The Premier League isn't exactly short of money.
With players like David de Gea and Kevin De Bruyne reported to be pocketing more than £300,000 on a weekly basis, it's fair to say you could do much worse than chasing a career in England's top-flight.
However, although playing in the Premier League is near enough a guarantee of ending your money worries, make no mistake that the division's various pay structures aren't necessarily the justest.
Premier League wages
Besides, player earnings can end up having more to do with agent canniness, fortunate timing and downright luck than sustained high performance at times.
As such, here at GIVEMESPORT, we've been using the databases of spotrac to assess the wages of Premier League players and see how they align with what they offer to their clubs.
Now, it's worth noting that we're not lazily opining that footballers should pocket more and more and more in a climate where people are losing jobs and struggling for money more than ever.
Most underpaid Premier League XI
Rather, if you like, we're naming the players whose wages - relative to overall Premier League earnings - rank far lower than their respective offerings to both their club and the division as a whole.
Got it? So, without further ado, here is how our underpaid Premier League XI based on spotrac data lines up:
GK: Robert Sánchez (Brighton & Hove Albion) - £10,000-a-week
Don't sleep on Sanchez because Matt Ryan's replacement on the south coast, who is paid very little for a number one goalkeeper, has the sixth-best save percentage in the Premier League this season.
RB: James Justin (Leicester City) - £8,250-a-week
We considered picking Trent Alexander-Arnold because £75,000-a-week is pretty low for one of the world's best right-backs, but we just couldn't ignore the incongruity between Justin's stellar 2020/21 form and his earnings.
CB: Ezri Konsa (Aston Villa) - £8,000-a-week
Only Manchester City have amassed more league clean sheets than Villa this season and Konsa has played a massive role in that, punching above his wages with 22 appearances and two goals.
CB: Kurt Zouma (Chelsea) - £40,000-a-week
Yes, his game time has been snipped under Thomas Tuchel, but surely Zouma should be pocketing more than Marcos Alonso when he's the division's top-rated centre-back with at least 10 outings this season.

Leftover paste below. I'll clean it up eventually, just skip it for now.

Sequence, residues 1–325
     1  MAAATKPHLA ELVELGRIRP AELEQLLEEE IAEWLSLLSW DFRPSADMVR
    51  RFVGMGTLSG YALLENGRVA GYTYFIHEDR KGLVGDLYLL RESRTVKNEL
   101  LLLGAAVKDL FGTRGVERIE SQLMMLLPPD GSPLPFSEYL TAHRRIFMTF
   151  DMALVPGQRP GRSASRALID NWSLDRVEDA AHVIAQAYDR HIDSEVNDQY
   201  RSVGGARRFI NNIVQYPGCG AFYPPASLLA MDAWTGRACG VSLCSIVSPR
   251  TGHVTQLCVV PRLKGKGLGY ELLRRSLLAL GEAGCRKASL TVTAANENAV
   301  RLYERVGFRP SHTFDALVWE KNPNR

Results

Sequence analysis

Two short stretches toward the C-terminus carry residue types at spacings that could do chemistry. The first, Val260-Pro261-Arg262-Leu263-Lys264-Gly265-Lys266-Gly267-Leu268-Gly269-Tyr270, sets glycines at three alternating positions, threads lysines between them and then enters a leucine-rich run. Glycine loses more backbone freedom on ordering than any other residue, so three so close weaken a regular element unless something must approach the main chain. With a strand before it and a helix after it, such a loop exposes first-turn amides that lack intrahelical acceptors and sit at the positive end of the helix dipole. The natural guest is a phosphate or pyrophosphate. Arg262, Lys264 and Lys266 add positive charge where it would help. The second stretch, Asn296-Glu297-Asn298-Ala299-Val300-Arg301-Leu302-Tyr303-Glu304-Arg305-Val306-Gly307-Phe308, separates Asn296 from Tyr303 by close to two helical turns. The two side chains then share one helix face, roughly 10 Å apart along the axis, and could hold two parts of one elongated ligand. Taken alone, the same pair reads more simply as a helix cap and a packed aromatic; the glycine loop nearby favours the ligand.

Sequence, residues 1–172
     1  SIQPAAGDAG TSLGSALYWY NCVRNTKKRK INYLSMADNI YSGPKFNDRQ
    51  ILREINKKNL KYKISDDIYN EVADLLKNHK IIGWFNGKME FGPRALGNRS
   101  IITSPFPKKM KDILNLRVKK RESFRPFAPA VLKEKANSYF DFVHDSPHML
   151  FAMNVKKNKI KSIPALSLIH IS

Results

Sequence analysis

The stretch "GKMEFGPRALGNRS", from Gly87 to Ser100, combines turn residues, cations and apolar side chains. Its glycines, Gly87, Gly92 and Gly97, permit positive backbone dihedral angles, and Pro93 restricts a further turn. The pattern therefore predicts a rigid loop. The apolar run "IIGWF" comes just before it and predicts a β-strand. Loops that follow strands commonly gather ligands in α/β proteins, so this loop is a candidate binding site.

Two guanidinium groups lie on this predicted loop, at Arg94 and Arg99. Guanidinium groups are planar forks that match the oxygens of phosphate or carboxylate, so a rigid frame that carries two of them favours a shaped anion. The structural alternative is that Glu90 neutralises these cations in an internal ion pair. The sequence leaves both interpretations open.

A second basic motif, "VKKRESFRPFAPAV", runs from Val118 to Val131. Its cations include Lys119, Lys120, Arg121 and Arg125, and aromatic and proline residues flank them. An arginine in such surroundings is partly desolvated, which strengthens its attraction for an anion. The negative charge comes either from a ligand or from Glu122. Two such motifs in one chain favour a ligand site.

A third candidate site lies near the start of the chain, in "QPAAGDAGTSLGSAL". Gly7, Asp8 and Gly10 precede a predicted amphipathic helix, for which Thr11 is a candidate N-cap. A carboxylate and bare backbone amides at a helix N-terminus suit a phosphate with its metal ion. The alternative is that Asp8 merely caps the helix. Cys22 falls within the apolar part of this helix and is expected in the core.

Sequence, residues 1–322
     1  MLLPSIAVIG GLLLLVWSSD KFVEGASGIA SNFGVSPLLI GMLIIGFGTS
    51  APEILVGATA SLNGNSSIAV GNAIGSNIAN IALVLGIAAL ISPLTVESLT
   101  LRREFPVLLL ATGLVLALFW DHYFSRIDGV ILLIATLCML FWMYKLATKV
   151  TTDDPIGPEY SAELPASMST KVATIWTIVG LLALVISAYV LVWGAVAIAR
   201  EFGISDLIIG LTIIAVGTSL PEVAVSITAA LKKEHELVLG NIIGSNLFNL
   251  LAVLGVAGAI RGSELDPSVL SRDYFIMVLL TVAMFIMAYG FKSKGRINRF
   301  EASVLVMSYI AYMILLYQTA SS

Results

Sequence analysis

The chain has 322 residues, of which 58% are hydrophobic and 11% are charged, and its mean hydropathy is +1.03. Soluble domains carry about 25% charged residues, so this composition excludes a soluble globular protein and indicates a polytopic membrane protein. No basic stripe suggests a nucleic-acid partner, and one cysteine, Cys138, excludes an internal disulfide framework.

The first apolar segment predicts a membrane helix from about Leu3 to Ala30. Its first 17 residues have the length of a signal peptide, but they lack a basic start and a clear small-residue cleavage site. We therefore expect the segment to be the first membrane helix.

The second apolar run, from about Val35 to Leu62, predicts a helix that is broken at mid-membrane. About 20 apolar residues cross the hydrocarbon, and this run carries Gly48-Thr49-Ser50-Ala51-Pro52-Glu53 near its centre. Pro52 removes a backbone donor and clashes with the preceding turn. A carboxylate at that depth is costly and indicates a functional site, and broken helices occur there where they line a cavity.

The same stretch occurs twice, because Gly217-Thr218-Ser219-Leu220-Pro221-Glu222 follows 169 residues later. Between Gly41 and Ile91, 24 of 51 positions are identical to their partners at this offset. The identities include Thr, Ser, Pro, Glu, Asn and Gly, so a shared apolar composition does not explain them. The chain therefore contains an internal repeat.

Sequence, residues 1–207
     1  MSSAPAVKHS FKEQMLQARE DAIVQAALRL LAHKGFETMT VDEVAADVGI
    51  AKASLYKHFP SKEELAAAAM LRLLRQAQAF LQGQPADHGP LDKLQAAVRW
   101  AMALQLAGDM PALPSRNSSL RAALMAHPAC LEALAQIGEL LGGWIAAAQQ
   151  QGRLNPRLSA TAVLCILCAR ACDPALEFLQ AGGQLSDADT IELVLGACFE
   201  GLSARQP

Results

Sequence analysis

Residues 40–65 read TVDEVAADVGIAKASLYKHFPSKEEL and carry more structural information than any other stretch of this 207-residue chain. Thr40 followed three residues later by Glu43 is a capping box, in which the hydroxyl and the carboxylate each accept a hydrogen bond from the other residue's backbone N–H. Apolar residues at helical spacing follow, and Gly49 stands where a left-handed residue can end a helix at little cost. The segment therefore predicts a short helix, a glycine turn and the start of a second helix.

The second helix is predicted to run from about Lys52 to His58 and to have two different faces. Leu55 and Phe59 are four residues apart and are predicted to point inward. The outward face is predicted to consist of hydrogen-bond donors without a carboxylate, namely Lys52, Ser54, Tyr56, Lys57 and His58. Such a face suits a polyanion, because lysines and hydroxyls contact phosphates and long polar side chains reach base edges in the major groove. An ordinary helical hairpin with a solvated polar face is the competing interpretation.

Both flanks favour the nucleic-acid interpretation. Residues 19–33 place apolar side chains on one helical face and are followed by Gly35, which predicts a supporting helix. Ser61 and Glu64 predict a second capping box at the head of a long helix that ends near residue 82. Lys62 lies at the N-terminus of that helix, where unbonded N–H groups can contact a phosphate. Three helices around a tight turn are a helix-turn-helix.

LB: Andrew Robertson (Liverpool) - £50,000-a-week
One of the highest wages on the list, it must be said, but Robertson has been an anomalous shining light for Liverpool this season despite ranking lower than Ben Davies and Xherdan Shaqiri on the payroll.
RM: Bukayo Saka (Arsenal) - £10,000-a-week
Arguably the best young player in the Premier League and he's pocketing £65,000 less than Phil Jones on a weekly basis, so it's only natural that Saka - complete with 11 goal contributions this season - makes the cut.
CM: Phil Foden (Manchester City) - £12,000-a-week
But if Saka isn't the division's top starlet in your eyes, then it's probably Foden and it's staggering to think that the second-top goalscorer of the Premier League's biggest spenders is earning less than Scott Carson.
CM: Declan Rice (West Ham United) - £3,000-a-week
From Scott McTominay on £20,000-a-week to Sean Longstaff on just £1,000-a-week, there's plenty of underpaid central midfielders, but Rice's earnings take the cake when you consider his transfer value of £49.5 million.
LM: Dwight McNeil (Burnley) - £5,000-a-week
Again, Eberech Eze's £30,000-a-week wage was also on our mind, but we can't get past McNeil's suprisingly low earnings even if we're still waiting for him to reach his full potential at Turf Moor.
ST: Tammy Abraham (Chelsea) - £57,692-a-week
Let me put this simply: does this look like the wage you'd expect for the leading goalscorer of a Champions League and Premier League 'big six' side for the last 18 months? I didn't think so.
ST: Dominic Calvert-Lewin (Everton) - £20,000-a-week
Considering only three players have notched more Premier League goals this season, it's certainly eye-opening to realise that Calvert-Lewin earns barely 11% as much as players like Roberto Firmino, who he comfortably outscores.
Woof, there are some eye-openers there, right?
If the spotrac data is indeed accurate, then you can't help feeling for players like Rice, Saka and Foden because they're performing far better than countless of their higher-earning contemporaries.
Then again, although the world of footballing wages can often be unfair, make no mistake that players with such sustained quality as theirs will get what they're owed in good time.News Now - Sport News